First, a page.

Innovations in Education Practice
Boost Their Game
Virtual internships can provide real-world design experiences that enhance student learning.
By Naomi C. Chesler, Golnaz Arastoopour, Cynthia M. D’Angelo, Elizabeth A. Bagley, and David Williamson Shaffer
Design projects in first-year engineering curricula give students early exposure to professional engineering and the engineering design process, but the pedagogical, logistical, and financial challenges can be daunting. To engage first-year students in authentic engineering practice, provide a platform for effective learning, and enroll a large group of students at low cost, we developed a virtual internship, Nephrotex, in which teams are guided by experienced mentors through multiple design-build-test cycles in a simulated professional environment.
The Nephrotex virtual internship is an example of a MACROSIM, a Massively Adaptive Complex Realistic Online Simulation with Interactive Mentoring. Unlike MOOCs (Massive Open Online Courses) — most of which simply recapitulate the lectures, problem sets, and other trappings of traditional pedagogy in digital form — MACROSIMs engage students with realistic, challenging problems that require innovative solutions, with live mentors who interact with them to guide learning.
In Nephrotex, students assume the role of interns at a fictitious biotechnology firm. Their task: Design a nanotechnology-based membrane for a hemodialysis ultrafiltration system to remove excess fluid or salts from a patient’s blood. After reviewing research based on actual experimental data and technical specifications, interns develop hypotheses based on their research, test those hypotheses in the virtual design space, and then analyze the results. Trained mentors guide teams through the design process as they work to accomplish various tasks. Ultimately, their designs must satisfy a number of different stakeholders, who prioritize various technical and nontechnical factors; no single design can meet every request. At the end, students give poster presentations in which they explain and justify their design choices.
Nephrotex was designed so that student work can be assessed for evidence of having achieved the learning outcomes set forth by ABET. This ensures the simulation meets the objectives of engineering educators and can be incorporated easily into existing courses or programs. An engineering virtual internship such as Nephrotex should have five key components: (1) a realistic, compelling, and relevant problem; (2) a multidimensional, complex design space that precludes easy optimization; (3) competing client or stakeholder demands, with no one product able to satisfy all of them; (4) a largely online learning environment, which keeps costs down and allows for the collection of rich data on student learning processes and outcomes; and (5) positive female and other non-majority role models, which helps address the “leaky pipeline” in American engineering degree programs.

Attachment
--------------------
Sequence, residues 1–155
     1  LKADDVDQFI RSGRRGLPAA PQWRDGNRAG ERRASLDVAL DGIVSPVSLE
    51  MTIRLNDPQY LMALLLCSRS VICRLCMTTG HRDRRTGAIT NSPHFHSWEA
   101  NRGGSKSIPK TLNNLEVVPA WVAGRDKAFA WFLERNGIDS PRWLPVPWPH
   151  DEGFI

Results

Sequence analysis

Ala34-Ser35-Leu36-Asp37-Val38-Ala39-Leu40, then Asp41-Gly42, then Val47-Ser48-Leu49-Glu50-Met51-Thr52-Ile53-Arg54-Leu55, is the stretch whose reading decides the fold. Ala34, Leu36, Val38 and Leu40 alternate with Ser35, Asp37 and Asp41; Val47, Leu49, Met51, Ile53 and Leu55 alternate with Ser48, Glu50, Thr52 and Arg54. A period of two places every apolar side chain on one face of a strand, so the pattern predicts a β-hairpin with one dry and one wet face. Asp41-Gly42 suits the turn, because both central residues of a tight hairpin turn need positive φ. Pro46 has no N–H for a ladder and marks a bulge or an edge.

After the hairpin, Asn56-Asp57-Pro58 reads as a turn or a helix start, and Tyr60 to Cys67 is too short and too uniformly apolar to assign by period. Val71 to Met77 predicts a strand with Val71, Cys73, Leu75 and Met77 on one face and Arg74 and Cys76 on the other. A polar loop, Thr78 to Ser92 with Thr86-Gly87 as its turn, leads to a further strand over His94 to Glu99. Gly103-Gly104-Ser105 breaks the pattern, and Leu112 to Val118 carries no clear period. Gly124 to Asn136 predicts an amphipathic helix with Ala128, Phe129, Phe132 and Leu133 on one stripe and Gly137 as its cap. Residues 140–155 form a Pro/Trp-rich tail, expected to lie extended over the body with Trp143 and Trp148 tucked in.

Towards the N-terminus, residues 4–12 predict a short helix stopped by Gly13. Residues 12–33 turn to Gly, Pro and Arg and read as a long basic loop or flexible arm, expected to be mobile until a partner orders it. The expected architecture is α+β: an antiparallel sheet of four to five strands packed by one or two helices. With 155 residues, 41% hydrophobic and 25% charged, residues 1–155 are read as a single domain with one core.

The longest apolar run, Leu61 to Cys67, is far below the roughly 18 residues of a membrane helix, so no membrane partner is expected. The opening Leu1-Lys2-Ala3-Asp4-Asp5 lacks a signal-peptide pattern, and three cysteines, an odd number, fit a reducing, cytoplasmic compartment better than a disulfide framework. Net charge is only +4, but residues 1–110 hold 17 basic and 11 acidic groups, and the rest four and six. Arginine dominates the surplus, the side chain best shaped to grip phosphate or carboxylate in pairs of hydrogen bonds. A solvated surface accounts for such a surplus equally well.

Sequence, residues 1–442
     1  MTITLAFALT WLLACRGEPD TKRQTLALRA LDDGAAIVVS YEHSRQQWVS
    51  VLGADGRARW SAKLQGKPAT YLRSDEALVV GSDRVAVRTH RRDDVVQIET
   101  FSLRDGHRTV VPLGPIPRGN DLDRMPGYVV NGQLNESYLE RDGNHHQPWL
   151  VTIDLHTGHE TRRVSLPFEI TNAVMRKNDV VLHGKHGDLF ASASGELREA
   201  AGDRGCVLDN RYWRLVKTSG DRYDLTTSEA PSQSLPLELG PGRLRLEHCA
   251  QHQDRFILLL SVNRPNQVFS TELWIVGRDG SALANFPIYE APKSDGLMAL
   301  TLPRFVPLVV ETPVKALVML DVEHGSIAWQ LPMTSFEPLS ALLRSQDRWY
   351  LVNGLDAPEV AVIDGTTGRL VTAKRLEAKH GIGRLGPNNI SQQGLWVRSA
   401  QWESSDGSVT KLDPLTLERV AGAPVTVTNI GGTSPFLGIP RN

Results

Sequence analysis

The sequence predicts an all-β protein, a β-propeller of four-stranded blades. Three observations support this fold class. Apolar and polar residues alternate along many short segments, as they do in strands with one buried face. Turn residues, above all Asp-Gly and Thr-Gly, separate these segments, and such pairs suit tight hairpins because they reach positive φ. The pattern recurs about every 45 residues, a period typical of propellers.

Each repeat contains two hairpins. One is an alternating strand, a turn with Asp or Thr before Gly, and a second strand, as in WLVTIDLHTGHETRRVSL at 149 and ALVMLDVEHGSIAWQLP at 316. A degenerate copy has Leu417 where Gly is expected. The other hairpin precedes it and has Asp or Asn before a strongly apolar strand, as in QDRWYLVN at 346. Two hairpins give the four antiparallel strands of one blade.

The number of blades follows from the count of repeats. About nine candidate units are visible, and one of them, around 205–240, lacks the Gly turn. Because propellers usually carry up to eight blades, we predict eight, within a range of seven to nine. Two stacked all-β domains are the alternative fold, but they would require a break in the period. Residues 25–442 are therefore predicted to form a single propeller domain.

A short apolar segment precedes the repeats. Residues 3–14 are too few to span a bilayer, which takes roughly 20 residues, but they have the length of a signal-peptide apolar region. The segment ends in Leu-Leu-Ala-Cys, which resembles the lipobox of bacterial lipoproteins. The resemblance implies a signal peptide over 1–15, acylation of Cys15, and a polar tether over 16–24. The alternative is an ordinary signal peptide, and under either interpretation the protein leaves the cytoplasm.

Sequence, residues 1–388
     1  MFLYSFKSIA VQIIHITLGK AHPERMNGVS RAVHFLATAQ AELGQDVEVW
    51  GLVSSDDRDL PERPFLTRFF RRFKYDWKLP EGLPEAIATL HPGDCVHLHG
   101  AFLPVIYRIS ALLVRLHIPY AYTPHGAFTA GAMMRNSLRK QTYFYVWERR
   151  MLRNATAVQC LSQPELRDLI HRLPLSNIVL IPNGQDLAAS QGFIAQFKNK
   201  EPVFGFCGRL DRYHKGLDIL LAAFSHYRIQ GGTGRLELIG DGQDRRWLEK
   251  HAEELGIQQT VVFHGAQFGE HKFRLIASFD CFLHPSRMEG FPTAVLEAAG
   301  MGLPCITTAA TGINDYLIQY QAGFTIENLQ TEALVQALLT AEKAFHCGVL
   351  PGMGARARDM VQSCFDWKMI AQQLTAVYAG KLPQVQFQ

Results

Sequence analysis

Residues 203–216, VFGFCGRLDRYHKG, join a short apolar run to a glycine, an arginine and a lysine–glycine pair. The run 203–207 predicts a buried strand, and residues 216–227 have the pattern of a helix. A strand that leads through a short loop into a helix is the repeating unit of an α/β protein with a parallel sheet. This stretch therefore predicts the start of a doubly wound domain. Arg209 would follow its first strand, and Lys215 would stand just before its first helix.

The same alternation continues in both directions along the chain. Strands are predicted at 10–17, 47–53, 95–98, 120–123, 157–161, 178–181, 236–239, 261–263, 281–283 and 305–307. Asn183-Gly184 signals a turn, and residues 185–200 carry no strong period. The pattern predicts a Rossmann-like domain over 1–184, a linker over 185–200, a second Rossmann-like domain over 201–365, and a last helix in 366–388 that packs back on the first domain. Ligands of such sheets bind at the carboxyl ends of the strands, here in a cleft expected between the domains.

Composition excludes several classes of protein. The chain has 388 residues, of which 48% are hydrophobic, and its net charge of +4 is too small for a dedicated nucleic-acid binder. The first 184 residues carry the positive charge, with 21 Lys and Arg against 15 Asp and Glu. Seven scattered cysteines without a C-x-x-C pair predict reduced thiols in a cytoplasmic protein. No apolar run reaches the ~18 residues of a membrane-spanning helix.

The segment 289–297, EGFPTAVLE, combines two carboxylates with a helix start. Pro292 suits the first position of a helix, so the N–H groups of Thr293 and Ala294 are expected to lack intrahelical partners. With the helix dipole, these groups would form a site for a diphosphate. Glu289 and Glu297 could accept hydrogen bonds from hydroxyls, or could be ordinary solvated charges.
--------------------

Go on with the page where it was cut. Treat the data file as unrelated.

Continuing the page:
To assess student learning, Nephrotex contains entrance and exit interviews given on the first and last days of the internship. The simulation also records students’ actions and interactions throughout the internship. Our paper reported on the learning outcomes of 45 first-year students who participated in Nephrotex during one semester. The survey results demonstrate that virtual internships significantly increase engineering content learning. Students had an overall mean score of 39 percent (SD = 24 percent) correctly answered pre-survey content questions and 69 percent (SD = 22 percent) correctly answered post-survey content questions (p < 0.05). Furthermore, students showed statistically significant gains in understanding of both general concepts, such as experimental design, and specific concepts, such as strategies to prevent membrane fouling.
Since the publication of this paper, we have developed and deployed a second engineering virtual internship. In RescuShell, which is modeled after Nephrotex, students collaborate to design a mechanical exoskeleton for use by rescue personnel in dangerous environments. The University of Wisconsin, Madison College of Engineering currently offers a first-year design course that consists entirely of these two virtual internships. To our knowledge, this is the first course to teach engineering exclusively through online simulations for which there is evidence of efficacy. Our goal is to design virtual internships in which students solve complex problems relevant to a variety of engineering fields, so that instructors may use single modules to supplement existing courses or develop entire classes or sequences around several modules.
Naomi C. Chesler is an associate professor of biomedical engineering and David Williamson Shaffer is a professor in the department of educational psychology at the University of Wisconsin, Madison. Golnaz Arastoopour and Elizabeth A. Bagley participated as graduate students in the university’s Epistemic Games research group. Cynthia M. D’Angelo participated as a postdoctoral fellow in the group. This article is excerpted from “Design of a Professional Practice Simulator for Educating and Motivating First-Year Engineering Students” in the Winter 2013 Advances in Engineering Education (http://advances.asee.org/vol03/issue03/01.cfm#sthash.GY9CSTOu.dpuf).